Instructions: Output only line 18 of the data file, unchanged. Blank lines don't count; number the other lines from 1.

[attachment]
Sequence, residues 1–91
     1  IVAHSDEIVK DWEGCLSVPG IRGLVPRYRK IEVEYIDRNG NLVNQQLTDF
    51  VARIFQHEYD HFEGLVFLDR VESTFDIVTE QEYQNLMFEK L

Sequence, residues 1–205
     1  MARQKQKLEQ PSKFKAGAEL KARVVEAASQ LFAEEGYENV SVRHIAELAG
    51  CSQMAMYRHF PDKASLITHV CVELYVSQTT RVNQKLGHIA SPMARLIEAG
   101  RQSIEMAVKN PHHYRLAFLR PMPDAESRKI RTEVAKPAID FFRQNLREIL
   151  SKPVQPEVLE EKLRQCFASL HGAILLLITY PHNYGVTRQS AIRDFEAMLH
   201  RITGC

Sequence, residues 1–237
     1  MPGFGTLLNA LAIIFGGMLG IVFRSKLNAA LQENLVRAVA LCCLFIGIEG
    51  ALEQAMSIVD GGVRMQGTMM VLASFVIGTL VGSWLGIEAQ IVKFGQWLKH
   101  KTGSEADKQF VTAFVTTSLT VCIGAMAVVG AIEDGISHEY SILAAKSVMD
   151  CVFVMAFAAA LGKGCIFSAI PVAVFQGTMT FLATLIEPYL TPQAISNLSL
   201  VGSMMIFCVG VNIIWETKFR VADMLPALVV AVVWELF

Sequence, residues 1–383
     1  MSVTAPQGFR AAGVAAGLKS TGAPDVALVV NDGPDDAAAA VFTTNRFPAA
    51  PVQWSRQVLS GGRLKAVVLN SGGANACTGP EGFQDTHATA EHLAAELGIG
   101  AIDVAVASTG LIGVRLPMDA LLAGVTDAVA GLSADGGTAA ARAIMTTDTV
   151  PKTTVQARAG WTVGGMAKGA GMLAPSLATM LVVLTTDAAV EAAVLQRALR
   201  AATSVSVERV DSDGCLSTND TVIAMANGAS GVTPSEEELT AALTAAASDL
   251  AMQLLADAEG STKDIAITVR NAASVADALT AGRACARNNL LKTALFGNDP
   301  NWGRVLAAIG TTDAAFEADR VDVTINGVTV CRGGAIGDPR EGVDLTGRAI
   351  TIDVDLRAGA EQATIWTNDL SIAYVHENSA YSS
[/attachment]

    51  PVQWSRQVLS GGRLKAVVLN SGGANACTGP EGFQDTHATA EHLAAELGIG